Tuesday, March 26, 2013

Nothing or Everything. . .

Sermon for the Sunday of the Passion, Palm Sunday, preached on Sunday, March 24, 2013.

    I grew up with confirmation on Palm Sunday.  Some lament loss of the old calendar and its focus on Palm Sunday.  Some lament the rows of chairs and the scrubbed faces of confirmands wearing new suits or dresses.  Some are wary of the long reading of the Passion that is now the hallmark of this day.  They would rather dally at the triumphant entrance of Jesus into Jerusalem.  But the entry into Jerusalem was not for glory, it was for suffering and the focus is not on confirmands but upon the Lord.  None of us comes to the cross willingly.  We come reluctantly to the cross – it is almost too much for us.  We cannot get enough of the things we like and desire but we get our fill of sin's ugly death pretty quickly.  We want to bypass the cross to get directly to Easter.
    The worst thing about standing before the Cross of Jesus is that in the face of His holy life and love we find what nothings we truly are.   Before the cross we are nothing  – with nothing to offer Jesus to soothe His wounds, nothing to relieve His pain, and nothing to offer Him to compensate for all that He has borne for us.  Before the cross we surrender our pride before Him and not even our humility is worth much in the face of love that suffers so for us.
    Before the cross, we are unable to deny the terror of our sins, unable to claim any excuse or justification, and unable to assist the Lord in what He must do alone, for us.  Our sins are naked before the cross.  Christ is all.  That is what the cross cries out.  Christ is all, He does all, He gives all, He loves all.  Christ is all and we are nothing.  We have no pride of place, only the shame of sin.
    Before the cross we are nothing... but in the cross we are everything. Let me say that again.  Before the cross we are nothing.  But in the cross we are everything.  Outside the pale of its grace to which we are connected by baptism and which we apprehend by faith, we are nothing. But in the cross by baptism and faith, the sufferings of Christ make the undeserving valuable, the lost are found, the sinner forgiven, and the dead given eternal life.
    That is what is so amazing.  Before the cross we stand exposed for the sinners we are, dead in trespasses and sin with nothing to say for ourselves.  But in the cross – by baptism and faith – we are made rich.  The cost of our redemption was not paid in silver or gold but in the holy and precious blood of Christ.  In the cross, God declared us of priceless worth; that is what it cost Him to love us and save us.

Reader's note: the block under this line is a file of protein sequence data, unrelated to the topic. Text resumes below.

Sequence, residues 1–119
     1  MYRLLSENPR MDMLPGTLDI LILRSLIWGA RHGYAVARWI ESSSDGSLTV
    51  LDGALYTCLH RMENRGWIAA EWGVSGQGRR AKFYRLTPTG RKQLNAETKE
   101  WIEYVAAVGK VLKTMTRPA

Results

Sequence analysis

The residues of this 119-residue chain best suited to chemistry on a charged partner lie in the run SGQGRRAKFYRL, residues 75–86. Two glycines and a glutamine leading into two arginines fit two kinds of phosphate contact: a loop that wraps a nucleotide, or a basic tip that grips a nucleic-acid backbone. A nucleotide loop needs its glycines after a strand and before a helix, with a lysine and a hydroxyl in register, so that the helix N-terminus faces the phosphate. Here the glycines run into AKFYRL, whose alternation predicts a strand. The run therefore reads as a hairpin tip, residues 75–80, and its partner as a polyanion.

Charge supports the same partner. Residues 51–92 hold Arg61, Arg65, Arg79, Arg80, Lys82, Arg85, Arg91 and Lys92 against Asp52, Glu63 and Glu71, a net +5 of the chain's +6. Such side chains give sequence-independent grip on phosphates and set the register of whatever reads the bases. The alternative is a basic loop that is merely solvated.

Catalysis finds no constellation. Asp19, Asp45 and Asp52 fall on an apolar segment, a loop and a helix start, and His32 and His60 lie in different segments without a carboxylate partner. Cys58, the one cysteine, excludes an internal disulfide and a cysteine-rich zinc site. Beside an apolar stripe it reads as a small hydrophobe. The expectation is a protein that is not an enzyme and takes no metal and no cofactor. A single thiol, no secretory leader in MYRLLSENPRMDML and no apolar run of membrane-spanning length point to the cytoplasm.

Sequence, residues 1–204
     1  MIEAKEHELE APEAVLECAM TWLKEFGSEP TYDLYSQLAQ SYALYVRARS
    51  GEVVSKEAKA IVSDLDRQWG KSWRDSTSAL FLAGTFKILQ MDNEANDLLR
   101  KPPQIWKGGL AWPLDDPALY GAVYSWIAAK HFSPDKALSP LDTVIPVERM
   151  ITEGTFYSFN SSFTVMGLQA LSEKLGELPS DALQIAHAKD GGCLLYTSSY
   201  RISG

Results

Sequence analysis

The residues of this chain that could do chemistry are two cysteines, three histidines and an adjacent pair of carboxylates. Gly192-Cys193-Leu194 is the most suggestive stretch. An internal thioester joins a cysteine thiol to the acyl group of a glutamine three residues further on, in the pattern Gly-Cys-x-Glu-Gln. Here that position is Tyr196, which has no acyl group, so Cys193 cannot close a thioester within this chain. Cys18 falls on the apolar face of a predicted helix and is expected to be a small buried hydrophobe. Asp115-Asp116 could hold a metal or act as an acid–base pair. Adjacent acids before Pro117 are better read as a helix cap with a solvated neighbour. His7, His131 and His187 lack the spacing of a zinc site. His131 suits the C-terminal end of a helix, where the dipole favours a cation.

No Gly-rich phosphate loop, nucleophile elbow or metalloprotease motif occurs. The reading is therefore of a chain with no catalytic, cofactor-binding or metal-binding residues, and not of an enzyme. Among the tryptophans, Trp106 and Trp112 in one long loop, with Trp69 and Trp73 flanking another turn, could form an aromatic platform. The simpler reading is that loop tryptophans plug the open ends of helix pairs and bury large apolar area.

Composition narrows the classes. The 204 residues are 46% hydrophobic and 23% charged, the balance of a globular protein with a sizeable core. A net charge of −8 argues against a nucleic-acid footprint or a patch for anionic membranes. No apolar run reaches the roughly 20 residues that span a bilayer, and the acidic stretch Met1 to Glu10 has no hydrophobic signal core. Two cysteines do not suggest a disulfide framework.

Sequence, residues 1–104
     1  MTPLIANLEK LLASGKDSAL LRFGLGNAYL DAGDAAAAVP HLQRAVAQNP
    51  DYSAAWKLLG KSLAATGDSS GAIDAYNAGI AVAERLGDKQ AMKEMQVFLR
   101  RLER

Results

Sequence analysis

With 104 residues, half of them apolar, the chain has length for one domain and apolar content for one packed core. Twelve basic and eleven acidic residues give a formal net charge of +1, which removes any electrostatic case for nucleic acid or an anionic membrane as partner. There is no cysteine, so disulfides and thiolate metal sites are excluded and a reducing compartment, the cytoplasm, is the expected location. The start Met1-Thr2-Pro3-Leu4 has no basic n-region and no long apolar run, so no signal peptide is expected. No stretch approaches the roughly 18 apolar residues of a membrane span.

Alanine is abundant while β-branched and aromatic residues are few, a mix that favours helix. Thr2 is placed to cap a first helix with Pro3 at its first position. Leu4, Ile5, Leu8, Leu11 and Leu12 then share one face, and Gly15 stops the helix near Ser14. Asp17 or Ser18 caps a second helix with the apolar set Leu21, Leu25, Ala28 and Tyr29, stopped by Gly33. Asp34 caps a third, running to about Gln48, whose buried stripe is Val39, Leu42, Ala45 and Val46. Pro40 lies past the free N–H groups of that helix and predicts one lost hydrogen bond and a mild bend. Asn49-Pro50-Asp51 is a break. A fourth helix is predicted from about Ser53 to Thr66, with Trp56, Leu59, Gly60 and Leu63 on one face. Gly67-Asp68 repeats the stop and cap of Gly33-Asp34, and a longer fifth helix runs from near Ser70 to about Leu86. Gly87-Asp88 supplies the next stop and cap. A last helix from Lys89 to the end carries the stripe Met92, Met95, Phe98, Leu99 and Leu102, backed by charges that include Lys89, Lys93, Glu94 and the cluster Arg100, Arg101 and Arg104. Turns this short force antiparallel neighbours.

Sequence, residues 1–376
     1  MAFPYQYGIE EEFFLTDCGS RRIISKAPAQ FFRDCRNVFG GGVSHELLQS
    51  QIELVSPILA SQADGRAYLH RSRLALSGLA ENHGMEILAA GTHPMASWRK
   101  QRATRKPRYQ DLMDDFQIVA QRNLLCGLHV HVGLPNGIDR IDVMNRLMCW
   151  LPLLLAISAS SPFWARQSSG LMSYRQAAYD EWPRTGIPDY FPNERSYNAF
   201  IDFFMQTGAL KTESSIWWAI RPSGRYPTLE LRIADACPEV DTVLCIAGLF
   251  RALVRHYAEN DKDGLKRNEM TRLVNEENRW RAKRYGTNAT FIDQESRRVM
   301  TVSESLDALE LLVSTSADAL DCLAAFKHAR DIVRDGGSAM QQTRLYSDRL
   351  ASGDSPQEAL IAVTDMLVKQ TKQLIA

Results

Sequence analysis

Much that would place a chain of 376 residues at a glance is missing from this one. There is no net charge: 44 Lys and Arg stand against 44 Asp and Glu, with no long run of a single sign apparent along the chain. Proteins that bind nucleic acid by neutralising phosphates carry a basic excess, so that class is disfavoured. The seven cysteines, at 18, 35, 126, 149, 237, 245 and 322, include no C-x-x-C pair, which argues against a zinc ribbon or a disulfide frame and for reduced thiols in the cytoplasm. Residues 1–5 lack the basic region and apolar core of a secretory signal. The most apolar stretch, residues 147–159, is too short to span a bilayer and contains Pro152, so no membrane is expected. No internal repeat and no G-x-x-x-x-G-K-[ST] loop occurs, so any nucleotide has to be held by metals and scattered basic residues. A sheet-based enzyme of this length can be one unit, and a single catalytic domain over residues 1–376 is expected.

We all have treasures, family heirlooms or special things we value.  The truth is that they have no value except what others assign to them, what others are willing to pay for them.  We have often seen how personal treasures count for very little in the marketplace.  Your worth and value are assigned to you not by you or what you do or what you think.  God has assigned a value to you.  That value is the cost which our Lord paid to redeem you.  It is the highest cost of all, the priceless life willingly offered and the priceless blood willingly shed to purchase you for Him.
    Every sinner, no matter how great, finds redemption here.  Every sin, no matter how great, finds forgiveness here.  Everyone who comes confessing their sin, leaves the cross rejoicing in what the blood of Christ has won and the mercy of Christ has accomplished.  Every unclean soul finds the cleansing flood flowing from His pierced side.  Every unrighteous man and woman finds righteousness here to perfectly cover up all our sin, the declaration of holiness we could not achieve on our own.  It is all here in the cross.  Before the cross we are nothing but in the cross we are declared of great value by Christ’s suffering and death for us.
    Everyone living in the shadow of death fears the light of life.  Every one accustomed to hiding their faults and failures in the shadows, fears exposing them in the light.  But God exposes them so that He might forgive them, pay their debt, and set us free.  Before the cross we are nothing but in the cross we are God's everything.  Here we see how He has loved us more than life, how His sufferings have born the fruit of redemption, and hot by His death, we have been made alive.
    No pious platitudes today.  No ego trips.  No boisterous protests.  No empty denials.  No bravado.  Before the cross we are nothing.  Stand outside the cross as mere spectator and you remain nothing... come into the cross by baptism and faith, and you are God's everything.  We may want to rush to Easter and skip the cross, but it is here, in the cross, we must pause.  Here we discover our value to God, the measure of His love, and how suffering gives birth to life.  Don’t rush too quickly to Easter or you will miss the mystery of grace that is here.  Don’t stand too distant from the cross or it will only be story.  Come near by faith, rejoice in what your baptism promises, and rejoice in the high price paid for you.  And then live out in fullness the new life this death has made possible.  Amen.

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